Teacher launches innovative math instruction
by JOYANNA WEBER, Banner Staff Writer
Feb 11, 2013 | 1250 views | 0 0 comments | 5 5 recommendations | email to a friend | print
Pillow talk at Park View
PARK VIEW ELEMENTARY third-grade teacher Heather Hayes holds up a half-finished pillow as she explains the next steps to students. Students learned about measuring dimensions and weight while making the pillows. Banner Photos, JOYANNA WEBER
view slideshow (5 images)
Hands-on learning has made math soft and cuddly for Park View Elementary School students as they learned about measurements while making pillows.

Third-grade teacher Heather Hayes said this was a project she had wanted to complete with her students ever since she began sewing two years ago.

“Every time I finished a project, I always thought there was so much math involved that students would benefit from learning to sew,” Hayes said.

During the project, students measured length, width and weight. Each student measured and cut 12-inch by 8-inch pieces of felt. Students could choose from red, navy blue, green or purple. They then sewed three sides of the pillow. After the pillows are turned inside out, they are stuffed. The pillows are then weighed to make sure they were 3 ounces each. Next, the young craftspeople measured one inch from the edge to cut a one-inch fringe on one side of the pillow.

“It’s so fluffy,” student Allison Jones said of her finished product.

Luchen Strickland and Christian Armstrong were excited about the project.

“I’ve always wanted to make my own pillow, “ Luchen said.

The boys said stuffing the pillows was the most difficult part.

“You had to stuff it as much as you can and you then weigh it to see if it was 3 ounces,” Luchen said. “I had to do that like five times.”

Luchen and Christian said their favorite part was sewing.

Allison and Makayla Brooks said they were nervous when they first heard about the project.

“I was nervous I was going to mess up,” Makayla said.

The girls enjoyed the experience, especially stuffing the pillows.

The most difficult part for Makayla was sewing the pillows shut after they were stuffed, she said.

The third-graders already have plans for their creations.

Allison said she would probably use hers as a travel pillow.

“Or sleeping on the bus,” she said.

Makayla said the pillow was good for cuddling.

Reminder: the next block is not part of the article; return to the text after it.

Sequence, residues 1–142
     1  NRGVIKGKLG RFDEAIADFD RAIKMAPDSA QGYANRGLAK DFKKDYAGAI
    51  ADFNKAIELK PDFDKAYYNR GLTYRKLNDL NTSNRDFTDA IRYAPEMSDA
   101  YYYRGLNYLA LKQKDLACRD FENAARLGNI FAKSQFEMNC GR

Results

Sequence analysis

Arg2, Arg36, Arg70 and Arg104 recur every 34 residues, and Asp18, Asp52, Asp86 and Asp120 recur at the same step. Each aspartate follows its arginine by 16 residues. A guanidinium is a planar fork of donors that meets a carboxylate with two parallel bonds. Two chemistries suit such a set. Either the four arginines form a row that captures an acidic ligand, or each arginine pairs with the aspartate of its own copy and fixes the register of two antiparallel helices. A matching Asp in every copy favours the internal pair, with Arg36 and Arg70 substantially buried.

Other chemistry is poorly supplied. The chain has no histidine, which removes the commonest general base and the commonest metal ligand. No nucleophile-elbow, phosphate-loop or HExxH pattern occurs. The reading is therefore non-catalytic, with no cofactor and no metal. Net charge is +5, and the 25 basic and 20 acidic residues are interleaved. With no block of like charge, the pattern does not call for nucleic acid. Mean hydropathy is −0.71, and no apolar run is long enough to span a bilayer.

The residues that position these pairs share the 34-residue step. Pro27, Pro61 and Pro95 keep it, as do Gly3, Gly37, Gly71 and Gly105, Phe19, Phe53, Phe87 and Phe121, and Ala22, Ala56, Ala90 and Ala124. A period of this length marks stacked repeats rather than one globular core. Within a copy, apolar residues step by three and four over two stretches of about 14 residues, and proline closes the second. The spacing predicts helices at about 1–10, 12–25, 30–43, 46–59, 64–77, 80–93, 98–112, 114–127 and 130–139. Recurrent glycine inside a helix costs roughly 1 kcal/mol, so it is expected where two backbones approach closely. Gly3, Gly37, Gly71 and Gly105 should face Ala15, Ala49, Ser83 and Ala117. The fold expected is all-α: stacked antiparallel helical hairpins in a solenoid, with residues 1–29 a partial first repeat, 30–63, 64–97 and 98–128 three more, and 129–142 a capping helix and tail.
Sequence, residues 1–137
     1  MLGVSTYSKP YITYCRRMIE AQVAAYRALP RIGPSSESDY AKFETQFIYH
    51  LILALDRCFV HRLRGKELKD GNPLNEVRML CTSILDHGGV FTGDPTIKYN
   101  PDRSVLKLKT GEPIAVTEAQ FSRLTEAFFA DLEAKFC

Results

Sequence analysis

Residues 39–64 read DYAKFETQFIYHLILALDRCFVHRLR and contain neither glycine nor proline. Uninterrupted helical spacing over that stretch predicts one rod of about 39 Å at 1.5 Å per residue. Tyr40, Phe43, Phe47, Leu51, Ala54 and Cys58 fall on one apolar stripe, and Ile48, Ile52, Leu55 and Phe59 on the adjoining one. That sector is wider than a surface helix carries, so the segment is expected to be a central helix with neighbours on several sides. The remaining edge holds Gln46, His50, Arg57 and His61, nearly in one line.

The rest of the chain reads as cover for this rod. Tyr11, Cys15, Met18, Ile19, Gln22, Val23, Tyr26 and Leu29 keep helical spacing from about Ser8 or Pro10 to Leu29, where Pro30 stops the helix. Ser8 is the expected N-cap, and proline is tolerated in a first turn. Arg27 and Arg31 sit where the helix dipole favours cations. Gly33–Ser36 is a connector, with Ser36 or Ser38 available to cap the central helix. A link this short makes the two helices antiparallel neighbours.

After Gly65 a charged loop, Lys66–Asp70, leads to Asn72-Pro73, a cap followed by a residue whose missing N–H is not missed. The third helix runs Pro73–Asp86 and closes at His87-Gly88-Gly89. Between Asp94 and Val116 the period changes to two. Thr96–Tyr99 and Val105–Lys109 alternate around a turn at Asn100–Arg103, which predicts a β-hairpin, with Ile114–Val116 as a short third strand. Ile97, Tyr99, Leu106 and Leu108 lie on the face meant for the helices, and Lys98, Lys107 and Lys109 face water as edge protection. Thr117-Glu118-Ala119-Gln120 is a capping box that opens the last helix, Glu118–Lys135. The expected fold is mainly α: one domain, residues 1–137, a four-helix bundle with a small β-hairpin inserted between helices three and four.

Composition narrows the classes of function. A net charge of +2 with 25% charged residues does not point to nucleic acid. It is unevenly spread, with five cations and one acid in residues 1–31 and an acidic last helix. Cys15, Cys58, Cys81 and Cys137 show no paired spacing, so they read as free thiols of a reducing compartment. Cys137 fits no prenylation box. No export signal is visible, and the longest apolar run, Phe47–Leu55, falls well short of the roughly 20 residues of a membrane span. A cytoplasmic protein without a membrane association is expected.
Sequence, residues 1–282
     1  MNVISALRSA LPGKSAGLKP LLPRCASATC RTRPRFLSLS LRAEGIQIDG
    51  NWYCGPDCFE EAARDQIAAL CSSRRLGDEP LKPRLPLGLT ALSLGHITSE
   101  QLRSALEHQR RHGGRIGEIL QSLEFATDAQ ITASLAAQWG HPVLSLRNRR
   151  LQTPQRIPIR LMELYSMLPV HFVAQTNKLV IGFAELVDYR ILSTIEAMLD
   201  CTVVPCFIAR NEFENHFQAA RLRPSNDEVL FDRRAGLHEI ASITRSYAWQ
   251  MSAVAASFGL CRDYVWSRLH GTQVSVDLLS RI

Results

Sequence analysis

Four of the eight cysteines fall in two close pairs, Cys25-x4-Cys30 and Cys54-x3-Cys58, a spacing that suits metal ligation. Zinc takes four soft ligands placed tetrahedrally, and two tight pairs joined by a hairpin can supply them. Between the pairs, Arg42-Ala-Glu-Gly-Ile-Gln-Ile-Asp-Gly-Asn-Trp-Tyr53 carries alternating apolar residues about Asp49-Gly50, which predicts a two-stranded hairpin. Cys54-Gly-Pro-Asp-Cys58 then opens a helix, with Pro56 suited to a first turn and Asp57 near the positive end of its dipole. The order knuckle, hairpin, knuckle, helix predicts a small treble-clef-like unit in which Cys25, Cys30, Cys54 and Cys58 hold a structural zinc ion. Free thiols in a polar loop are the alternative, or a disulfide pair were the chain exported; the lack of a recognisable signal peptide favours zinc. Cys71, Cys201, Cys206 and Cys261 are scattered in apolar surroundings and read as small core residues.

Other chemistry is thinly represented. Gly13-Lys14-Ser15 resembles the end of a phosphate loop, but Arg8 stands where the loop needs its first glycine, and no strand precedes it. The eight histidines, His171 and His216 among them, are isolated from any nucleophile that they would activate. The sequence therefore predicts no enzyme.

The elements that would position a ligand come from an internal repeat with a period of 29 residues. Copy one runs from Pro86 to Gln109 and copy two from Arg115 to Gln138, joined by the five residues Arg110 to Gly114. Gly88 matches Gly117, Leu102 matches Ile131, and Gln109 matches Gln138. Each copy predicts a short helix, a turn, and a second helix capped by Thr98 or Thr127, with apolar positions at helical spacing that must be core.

“I’m just going to use it for the car,” she said.

“I’m gonna use it on the bus,” Luchen said.

Although Hayes had wanted to offer the project for awhile, funding and safety concerns were challenges to overcome.

Funding for the project was secured through the Bradley Cleveland Public Education Foundation.

Hayes applied for a $1,000 mini-grant made possible by a donation to the Foundation from Lonza. The grant funded six sewing machines, fabric and other needed supplies.

Hayes said she went to a grant-writing workshop to learn how to best present her idea to the foundation.

When Hayes initially presented her idea to Park View Principal Deb Bailey, Bailey was a little apprehensive about having third-grade students working with sewing machines.

“There was a moment’s hesitation and then she said, ‘OK, let’s do it,’” Hayes said.

Research was done to ensure the project would be safe for the students. Finger guards were purchased for the sewing machines to keep students from getting hurt. Volunteers also provided extra assistance to ensure everything ran smoothly.

“It’s been working out wonderfully,” Hayes said. “I think the kids have really gotten a lot from it as far as [learning about] measurements.”

She said the project gives the students a visual for the concepts they are learning in class.

The teacher said she has enjoyed watching the students take ownership of the project.

“That’s their pillow and they’re very proud of it,” Hayes said.

Scheduling time for students to complete the sewing has been a challenge. The class of 23 students completed the project in groups of six. Hayes gave up her planning time to have more time for the project.

She hopes to have the project be a part of her class’ measurements study every year.

“Just getting the fabric each year would be the only thing I would need,” Hayes said.

Other third-grade teachers have already asked her about helping them do the project with their students.

In addition to the pillows, students will be making ponchos.